House Speaker Nancy Pelosi (D-Calif.) is proceeding cautiously with the impeachment inquiry against President Donald Trump, holding closed-door meetings to gauge how Democrats are following along with the process, while refusing to give any concrete plans for how she wishes the inquiry to play out.

“Are you ready?” Pelosi asked her caucus on Wednesday, Dec. 4 behind closed doors to discuss the next phase of the proceedings, where members were told to leave their cellphones in cubbyholes and staff were not allowed in the room.

Pelosi’s main focus, according to two sources familiar with the clandestine meeting, was on whether the Democratic Party was ready to move forward with impeachment. This was met with an unambiguous yes from her caucus.

Democrats are investigating whether President Trump has engaged in a quid pro quo—now  bribery—in a July 25 call with Ukrainian President Volodymyr Zelenskiy and pressured Ukraine to investigate political rival Joe Biden and his son Hunter in exchange for military aid.

To date, no concrete evidence of wrongdoing by the president has been established.

President Trump himself also denied any wrongdoing, and Zelenskiy also said that there was “no blackmail” in the call.

But Pelosi on the other hand, fell short of providing answers to several key questions from her caucus amid the impeachment chaos: where she currently stands on impeachment, what the articles are looking like, and when a House vote is set to unfold.

A Dec. 4 CNN report has pointed out, “[Pelosi] wouldn’t specify any sort of timeline, didn’t lay out the scope of the articles — and indicated to her colleagues that it wasn’t even clear yet if the House would, in fact, impeach Trump.”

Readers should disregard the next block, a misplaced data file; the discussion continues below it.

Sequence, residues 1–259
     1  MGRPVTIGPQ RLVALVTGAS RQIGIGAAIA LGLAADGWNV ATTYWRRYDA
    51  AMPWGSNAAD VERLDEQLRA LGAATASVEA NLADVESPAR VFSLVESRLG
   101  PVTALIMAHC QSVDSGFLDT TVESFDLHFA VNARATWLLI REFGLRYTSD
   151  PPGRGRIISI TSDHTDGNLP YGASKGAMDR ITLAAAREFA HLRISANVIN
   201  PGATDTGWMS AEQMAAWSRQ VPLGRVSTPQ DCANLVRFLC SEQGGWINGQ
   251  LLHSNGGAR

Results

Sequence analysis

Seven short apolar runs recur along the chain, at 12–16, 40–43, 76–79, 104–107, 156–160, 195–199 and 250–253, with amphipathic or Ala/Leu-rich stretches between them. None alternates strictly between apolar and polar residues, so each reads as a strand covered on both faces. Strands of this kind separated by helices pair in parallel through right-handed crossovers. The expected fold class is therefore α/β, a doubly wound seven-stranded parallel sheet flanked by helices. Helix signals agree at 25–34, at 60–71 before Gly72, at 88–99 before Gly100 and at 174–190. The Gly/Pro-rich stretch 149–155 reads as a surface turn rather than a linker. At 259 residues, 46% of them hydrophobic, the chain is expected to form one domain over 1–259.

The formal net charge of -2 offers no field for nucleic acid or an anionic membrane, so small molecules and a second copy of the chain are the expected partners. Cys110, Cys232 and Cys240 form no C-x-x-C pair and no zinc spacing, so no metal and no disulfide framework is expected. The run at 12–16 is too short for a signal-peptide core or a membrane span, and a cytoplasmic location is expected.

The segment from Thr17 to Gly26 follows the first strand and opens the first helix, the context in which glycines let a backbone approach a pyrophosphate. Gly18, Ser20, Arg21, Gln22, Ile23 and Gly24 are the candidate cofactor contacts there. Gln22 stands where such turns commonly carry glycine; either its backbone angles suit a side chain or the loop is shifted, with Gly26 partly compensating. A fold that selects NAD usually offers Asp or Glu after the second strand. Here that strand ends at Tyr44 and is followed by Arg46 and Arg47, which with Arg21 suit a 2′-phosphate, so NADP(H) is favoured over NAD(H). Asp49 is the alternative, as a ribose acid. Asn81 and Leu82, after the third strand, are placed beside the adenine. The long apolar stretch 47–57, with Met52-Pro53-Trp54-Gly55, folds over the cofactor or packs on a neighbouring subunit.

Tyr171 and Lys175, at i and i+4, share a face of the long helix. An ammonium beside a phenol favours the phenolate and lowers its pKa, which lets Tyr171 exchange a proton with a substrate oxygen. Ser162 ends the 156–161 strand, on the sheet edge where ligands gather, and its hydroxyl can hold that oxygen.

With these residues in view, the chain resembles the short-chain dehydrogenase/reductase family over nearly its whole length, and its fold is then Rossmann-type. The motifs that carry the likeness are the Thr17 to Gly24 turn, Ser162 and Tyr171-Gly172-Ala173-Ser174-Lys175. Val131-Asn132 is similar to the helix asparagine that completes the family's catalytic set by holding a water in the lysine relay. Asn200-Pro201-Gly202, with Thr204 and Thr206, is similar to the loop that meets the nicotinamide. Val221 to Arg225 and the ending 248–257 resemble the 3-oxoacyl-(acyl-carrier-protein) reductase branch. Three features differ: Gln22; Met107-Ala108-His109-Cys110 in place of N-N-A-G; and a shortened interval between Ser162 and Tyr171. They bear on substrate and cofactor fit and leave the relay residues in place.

When asked by CNN on Tuesday night if she has established a decision on impeachment, Pelosi’s message was clear: let the inquiry keep brewing.

“No, we haven’t made it,” Pelosi told CNN.

Pelosi’s caucus members aren’t too confident about the impeachment process, however.

“There is no anxiety on this thing, I can tell you that right now,” Rep. Bill Pascrell (D-N.J.) said after the Wednesday meeting. “We’re not happy we’re at this point or doing this. It’s got to be done, though. That’s our oath of office, and we will do it.”

But the ultimate decision on the scope of the articles and the schedule for impeachment all boils down to what Pelosi thinks and how she chooses to act.

Pelosi “has publicly and privately been coy for weeks about her plans, saying she would let the process play out and refusing to put a time frame on a final vote,” CNN reports. “But Pelosi’s recent conversations show that the House is nearing a crucial moment that will define Trump’s presidency and could have long-lasting ramifications for the country.”

However, Pelosi’s stalling – or stealthy moves on the inquiry, is speculated to be “a strategy Pelosi has employed throughout her speakership,” according to CNN.

One instance of this, as CNN has pointed out, was when she “announced in late September that there should be an impeachment inquiry, after a majority of her caucus had announced their support for one.”

Pelosi has yet to reveal any concrete plans for how she wishes for the impeachment inquiry to proceed.

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